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Using Subclips

If you want to name an instance of a clip, or if you want it to be listed separately in the program, you should create a subclip. A subclip is created from a portion of a master clip.

Subclips provide you another way to subdivide and organize your source materials. You can create several subclips from a very long master clip, for example, and give each copy a unique name. Without subclips, you would have to search through the lengthy master clip to find the part that you want to use.

Just as master clips refer to media files, subclips refer to the master clip from which the clips were created. If the master clip is deleted, its subclips are also deleted. Otherwise, subclips function exactly like master clips.

In this book and elsewhere, the generic term clip refers to both master clips and subclips unless making a distinction between those terms is important.

To create a subclip:

1.
Open a master clip in the source view or a separate clip window.

2.
Cue the clip to the frame where you want the clip to start, and click the mark in button or press .

3.
Cue the clip to the frame where you want the clip to end, and click the mark out button or press (Figure 4.62).

Figure 4.62. Open a master clip, and set edit marks.


Any markers that you set in the master clip are included in the subclip.

4.
Drag the clip from the source view or clip window to the Project window (Figure 4.63).

Figure 4.63. Drag the clip from the source view or clip window to the Project window.


The Duplicate Clip dialog box opens.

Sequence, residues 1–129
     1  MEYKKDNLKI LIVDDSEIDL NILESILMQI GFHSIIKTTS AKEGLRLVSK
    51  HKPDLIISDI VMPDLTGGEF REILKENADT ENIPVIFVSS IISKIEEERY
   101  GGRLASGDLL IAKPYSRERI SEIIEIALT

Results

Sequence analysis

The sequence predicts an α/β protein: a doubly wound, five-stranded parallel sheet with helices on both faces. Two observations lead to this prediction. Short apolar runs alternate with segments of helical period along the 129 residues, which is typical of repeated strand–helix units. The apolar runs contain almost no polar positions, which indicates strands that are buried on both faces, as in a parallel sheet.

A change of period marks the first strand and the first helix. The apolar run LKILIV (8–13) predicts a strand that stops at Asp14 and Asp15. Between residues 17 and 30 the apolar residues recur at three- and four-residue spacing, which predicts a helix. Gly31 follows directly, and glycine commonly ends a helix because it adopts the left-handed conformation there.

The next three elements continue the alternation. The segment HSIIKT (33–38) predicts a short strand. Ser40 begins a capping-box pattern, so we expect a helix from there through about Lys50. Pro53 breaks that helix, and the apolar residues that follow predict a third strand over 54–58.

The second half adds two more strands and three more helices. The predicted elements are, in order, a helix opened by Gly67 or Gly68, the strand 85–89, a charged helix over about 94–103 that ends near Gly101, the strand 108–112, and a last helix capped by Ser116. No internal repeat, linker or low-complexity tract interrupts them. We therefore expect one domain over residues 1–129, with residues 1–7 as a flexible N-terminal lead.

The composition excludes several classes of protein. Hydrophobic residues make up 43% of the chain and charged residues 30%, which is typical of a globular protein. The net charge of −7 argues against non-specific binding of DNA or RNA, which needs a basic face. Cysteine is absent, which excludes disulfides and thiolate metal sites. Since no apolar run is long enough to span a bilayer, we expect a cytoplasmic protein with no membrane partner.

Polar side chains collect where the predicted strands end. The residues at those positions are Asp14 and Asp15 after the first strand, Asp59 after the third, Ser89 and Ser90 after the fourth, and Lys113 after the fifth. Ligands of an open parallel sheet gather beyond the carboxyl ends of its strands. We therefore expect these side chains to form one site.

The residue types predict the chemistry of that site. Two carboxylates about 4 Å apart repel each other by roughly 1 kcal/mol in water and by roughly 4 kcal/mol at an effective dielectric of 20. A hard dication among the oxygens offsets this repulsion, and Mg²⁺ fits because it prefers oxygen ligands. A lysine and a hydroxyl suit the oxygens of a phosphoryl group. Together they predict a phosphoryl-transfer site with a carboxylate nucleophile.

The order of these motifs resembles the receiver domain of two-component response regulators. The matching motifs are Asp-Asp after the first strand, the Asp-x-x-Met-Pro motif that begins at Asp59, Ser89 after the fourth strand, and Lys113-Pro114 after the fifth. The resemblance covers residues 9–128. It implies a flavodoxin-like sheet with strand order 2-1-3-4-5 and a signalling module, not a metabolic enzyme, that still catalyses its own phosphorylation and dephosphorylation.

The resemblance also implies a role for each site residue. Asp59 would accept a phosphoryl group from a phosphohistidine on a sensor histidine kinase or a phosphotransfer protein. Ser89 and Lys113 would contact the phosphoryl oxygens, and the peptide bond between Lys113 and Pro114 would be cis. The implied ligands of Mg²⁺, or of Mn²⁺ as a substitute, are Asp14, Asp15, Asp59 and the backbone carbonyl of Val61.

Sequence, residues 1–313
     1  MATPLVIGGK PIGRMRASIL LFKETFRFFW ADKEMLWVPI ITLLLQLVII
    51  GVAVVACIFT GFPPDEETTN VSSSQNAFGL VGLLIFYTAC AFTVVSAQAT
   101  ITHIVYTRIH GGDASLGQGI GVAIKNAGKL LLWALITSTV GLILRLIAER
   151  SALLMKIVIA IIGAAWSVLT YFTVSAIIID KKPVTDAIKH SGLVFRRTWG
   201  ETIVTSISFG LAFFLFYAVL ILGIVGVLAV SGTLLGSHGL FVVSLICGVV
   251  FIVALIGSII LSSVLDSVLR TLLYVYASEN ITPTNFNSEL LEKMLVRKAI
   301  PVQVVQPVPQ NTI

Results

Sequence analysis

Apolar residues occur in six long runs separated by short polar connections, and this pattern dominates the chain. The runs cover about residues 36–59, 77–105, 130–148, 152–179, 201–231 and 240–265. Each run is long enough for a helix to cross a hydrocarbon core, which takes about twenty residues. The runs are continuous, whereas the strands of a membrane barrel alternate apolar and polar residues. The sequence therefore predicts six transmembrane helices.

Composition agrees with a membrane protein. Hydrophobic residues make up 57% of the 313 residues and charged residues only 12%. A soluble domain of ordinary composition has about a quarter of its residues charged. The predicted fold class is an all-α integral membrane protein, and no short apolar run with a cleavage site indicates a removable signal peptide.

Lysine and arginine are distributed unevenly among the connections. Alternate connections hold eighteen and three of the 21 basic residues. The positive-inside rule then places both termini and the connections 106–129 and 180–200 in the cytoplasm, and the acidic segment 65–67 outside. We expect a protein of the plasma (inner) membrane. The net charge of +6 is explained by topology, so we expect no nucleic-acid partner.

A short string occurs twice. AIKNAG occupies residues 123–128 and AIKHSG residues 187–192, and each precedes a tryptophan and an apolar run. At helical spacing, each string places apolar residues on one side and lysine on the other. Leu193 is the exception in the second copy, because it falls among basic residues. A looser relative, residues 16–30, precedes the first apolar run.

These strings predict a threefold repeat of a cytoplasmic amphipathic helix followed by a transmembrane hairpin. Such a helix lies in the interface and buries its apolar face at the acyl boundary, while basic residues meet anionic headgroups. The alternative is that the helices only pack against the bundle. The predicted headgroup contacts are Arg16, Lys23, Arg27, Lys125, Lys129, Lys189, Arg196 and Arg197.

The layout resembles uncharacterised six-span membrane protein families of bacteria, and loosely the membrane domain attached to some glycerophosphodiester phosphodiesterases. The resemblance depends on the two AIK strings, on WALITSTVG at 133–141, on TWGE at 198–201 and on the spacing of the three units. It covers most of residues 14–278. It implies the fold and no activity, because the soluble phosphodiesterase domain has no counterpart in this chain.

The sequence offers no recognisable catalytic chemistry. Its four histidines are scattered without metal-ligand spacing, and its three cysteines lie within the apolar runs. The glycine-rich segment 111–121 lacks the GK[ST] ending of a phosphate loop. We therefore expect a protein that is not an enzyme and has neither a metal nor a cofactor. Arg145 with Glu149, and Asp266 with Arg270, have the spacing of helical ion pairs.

5.
Enter a name for the subclip, and click OK (Figure 4.64).

Figure 4.64. In the Duplicate Clip dialog box, enter a name for the subclip, and click OK.


The subclip appears in the Project window with the name you specified (Figure 4.65). The subclip contains only the portion of the master clip you specified by setting in and out points in the master clip.

Figure 4.65. The subclip appears in the Project window with the name you specified.


Tip

Copying, pasting, and dragging clips to the timeline creates another instance of the clip, not a subclip. See "Master Clips and Clip Instances" earlier in this chapter.


Tip

The whole point of creating a subclip is to define a more limited range of frames. If you decide that you need frames that were in its associated master clip, you have to open the master clip.


Tip

Duplicating or copying and pasting a clip in the project window also creates a subclip. These methods, however, create a subclip that's a complete copy of the master clip rather than a selected portion of the master clip.


Tip

Subclips are also useful for creating a story board edit, as described in Chapter 5.


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